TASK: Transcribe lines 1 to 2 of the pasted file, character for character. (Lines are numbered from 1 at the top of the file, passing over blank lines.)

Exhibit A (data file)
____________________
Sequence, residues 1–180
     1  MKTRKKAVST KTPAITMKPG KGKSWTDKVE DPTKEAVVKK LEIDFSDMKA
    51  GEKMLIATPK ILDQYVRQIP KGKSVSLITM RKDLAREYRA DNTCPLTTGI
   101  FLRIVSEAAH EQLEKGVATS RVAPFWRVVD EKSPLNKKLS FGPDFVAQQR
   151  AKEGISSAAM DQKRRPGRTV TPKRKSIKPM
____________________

Sequence, residues 1–180
     1  MKTRKKAVST KTPAITMKPG KGKSWTDKVE DPTKEAVVKK LEIDFSDMKA